04/05/2004 10:21 PM ET
Bonds' big night propels Giants
Slugger clubs No 659 in win over Astros
By Rich Draper / MLB.com
HOUSTON -- There have been majestic shots that orbited the moon, broken-bat homers, balls that smashed windows, blows that just swerved inside foul poles.
|Barry Bonds watches his first home run of the season -- the 659th of his career -- take flight Monday. (Brian Bahr/Getty Images)
You never know what physics or parabolic arcs will be involved in San Francisco megastar Barry Bonds' next home run, but career homer No. 659 in Monday night's season-opening, 5-4 victory against the Houston Astros at Minute Maid Park looked like a slightly rising clothes line, leaving pitcher Roy Oswalt hanging out to dry.
It was pinch-hitter Tony Torcato getting hit on the foot, a sacrifice hit by Ray Durham and a game-winning sacrifice fly by J.T. Snow against losing pitcher Octavio Dotel that made the ultimate difference in the ninth, but it was the 39-year-old Bonds -- aging but as powerful as ever -- whose dramatic three-run shot in the eighth brought the Giants back from a 4-1 deficit.
And left him one homer shy of godfather Willie Mays' historic 660 career blows.
"It was a tough pitch, too," said Giants manager Felipe Alou. "He just happened to hit it out. It was down and on the outer part of the plate and the big guy pulled it. I knew when he hit it it was going to be over the outfielder's head. We didn't build this stadium but we'll take the four-bagger."
For sure. Matt Herges, forced to be the San Francisco closer with Robb Nen on the disabled list, saved the game with a 1-2-3 ninth, retiring Craig Biggo, Adam Everett and Jeff Bagwell in the final frame, but he was more enamored with Bonds' one-step-closer-to-history blow.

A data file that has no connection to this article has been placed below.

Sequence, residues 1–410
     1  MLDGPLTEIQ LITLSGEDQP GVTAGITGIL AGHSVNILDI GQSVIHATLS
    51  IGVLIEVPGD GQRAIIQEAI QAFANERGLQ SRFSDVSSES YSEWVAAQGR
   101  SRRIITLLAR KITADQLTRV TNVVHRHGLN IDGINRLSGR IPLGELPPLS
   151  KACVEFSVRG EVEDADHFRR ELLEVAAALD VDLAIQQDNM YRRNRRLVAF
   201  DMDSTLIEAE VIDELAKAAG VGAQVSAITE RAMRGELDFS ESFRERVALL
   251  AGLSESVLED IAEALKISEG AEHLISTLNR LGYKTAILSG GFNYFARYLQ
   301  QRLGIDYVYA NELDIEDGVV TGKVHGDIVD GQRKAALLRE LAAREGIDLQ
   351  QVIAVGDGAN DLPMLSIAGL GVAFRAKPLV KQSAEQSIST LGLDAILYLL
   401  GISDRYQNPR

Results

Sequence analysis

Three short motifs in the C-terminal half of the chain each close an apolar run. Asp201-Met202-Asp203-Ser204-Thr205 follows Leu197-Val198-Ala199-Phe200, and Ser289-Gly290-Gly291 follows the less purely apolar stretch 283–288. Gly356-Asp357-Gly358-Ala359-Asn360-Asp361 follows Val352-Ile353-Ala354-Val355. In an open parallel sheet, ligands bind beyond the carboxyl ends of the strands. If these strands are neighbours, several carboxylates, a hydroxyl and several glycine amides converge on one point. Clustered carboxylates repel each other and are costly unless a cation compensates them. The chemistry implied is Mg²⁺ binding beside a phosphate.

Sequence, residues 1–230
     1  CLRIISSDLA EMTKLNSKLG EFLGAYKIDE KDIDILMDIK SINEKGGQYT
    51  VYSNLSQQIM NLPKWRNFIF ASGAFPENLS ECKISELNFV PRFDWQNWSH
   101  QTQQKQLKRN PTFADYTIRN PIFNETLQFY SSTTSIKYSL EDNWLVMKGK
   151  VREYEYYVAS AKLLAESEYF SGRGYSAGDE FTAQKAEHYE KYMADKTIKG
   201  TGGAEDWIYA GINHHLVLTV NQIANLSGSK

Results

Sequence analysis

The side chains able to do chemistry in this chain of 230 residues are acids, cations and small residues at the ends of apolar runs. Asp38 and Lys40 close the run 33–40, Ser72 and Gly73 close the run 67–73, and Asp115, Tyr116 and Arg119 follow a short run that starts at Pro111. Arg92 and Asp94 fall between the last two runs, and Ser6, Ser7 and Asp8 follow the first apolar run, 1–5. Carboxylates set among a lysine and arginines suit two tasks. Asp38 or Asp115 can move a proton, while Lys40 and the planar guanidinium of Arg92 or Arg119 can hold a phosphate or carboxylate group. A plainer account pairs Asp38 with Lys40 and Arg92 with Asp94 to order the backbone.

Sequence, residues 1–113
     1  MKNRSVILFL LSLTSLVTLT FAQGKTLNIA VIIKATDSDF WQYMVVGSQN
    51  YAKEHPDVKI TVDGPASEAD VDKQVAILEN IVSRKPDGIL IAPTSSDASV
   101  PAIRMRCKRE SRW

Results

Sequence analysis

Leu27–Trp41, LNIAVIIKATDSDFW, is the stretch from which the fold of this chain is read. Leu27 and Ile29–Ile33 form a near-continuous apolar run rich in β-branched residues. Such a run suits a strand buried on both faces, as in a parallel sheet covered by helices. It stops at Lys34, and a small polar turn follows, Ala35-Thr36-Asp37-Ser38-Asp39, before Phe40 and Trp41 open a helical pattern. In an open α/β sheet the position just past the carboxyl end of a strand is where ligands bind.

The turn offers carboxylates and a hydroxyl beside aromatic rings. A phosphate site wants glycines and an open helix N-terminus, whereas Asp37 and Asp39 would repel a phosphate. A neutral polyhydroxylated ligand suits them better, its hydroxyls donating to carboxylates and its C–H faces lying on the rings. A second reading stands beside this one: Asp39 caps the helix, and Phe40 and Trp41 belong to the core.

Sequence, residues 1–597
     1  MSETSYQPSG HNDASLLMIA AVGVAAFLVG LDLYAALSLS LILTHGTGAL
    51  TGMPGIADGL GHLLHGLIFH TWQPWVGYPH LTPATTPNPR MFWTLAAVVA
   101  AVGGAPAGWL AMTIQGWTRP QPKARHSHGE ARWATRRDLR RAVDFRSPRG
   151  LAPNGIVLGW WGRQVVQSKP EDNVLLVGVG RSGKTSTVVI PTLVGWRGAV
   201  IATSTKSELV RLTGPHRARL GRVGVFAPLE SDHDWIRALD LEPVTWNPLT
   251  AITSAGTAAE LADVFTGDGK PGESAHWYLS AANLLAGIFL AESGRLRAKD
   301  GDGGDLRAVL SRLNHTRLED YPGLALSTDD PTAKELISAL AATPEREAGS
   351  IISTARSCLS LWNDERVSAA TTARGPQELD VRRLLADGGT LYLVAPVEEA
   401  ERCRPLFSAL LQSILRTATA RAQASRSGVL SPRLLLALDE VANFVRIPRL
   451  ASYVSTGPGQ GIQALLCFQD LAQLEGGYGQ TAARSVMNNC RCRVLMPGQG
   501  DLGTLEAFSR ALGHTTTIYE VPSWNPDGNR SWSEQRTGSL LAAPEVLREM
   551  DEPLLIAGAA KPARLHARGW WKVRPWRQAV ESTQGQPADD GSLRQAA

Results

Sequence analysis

Oswalt had been magnificent over seven innings, and with a three-run lead, it appeared to be a lock for the Astros. But the right-hander gave up a single to Ray Durham and a base hit to Michael Tucker and then faced Bonds, unloading a 94 mph fastball.
"Anytime Barry's in the lineup anything can happen," said Herges. "Oswalt was dominating us and all of a sudden he got into a little trouble. The manager [Jimy Williams] asked him if he wanted to stay in the game and I'm sure he said 'yeah.' First pitch got him. It was sick."
The 34-year-old Herges, who gave up only two hits over 12 scoreless innings in Spring Training -- "that's all forgotten," said the right-hander -- was impressive in making his closer debut and admitted to butterflies as his moment of truth became near.
"I was nervous, yeah. I was probably more nervous leading up to going in. But not more than I've ever been. This was a great game to win and I didn't want to mess it up. Fortunately it worked out for us. On the bench, we kept hoping to get Barry on. I still don't know why they keep feeding Tucker heaters -- that guy hits heaters. Flat out hits it and he got it going. Then Barry. Unbelievable. It's hard to put into words."
Giants starter Kirk Rueter, in his second straight Opening Day effort, was shaky over the first two innings, allowing one run on four hits and three walks, but then the 34-year-old lefty temporarily found his rhythm, retiring nine straight Astros from the third through the sixth.
Astros right fielder Richard Hildalgo broke Rueter's three-inning spell with a solo homer to right field in the sixth inning, and the Giants hurler departed after retiring the side, throwing 94 pitches overall and giving up five hits. Rueter became the first San Francisco left-hander to start two consecutive Opening Days since the club moved west from New York.
Catcher A.J. Pierzynski, who singled twice and drove in Bonds with a fourth-inning hit, thought Rueter threw well.
"He threw 45-some pitches in the first two innings then settled down and gave us six innings," said Pierzynski. "That's pretty good. He gave us a chance -- that's all you can ask of starters and he did that. Then the bullpen came in and did a good job."
Except for Leo Estrella. He gave up three consecutive singles to Biggio, Everett and Bagwell in the seventh along with Jeff Kent's RBI sac fly and Hidalgo's hit that boosted Houston to its 4-1 margin. Felix Rodriguez (1-0) was the victor as he retired the side in the eighth.
Noted Alou of Rodriguez's effort, "Felix can only reach back and fire until further notice," said the skipper. "He worked hard in the spring on his sinker, but he has to go with the pitch [fastball] that brought him to the big leagues."
In the second game of the series on Tuesday night at 5:05 p.m. PT, Brett Tomko opposes Houston's Andy Pettitte, while Wednesday's 4:05 p.m. contest at Minute Maid Park features Giants righty Jerome Williams against Roger Clemens.
Rich Draper is a reporter for MLB.com. This story was not subject to the approval of Major League Baseball or its clubs.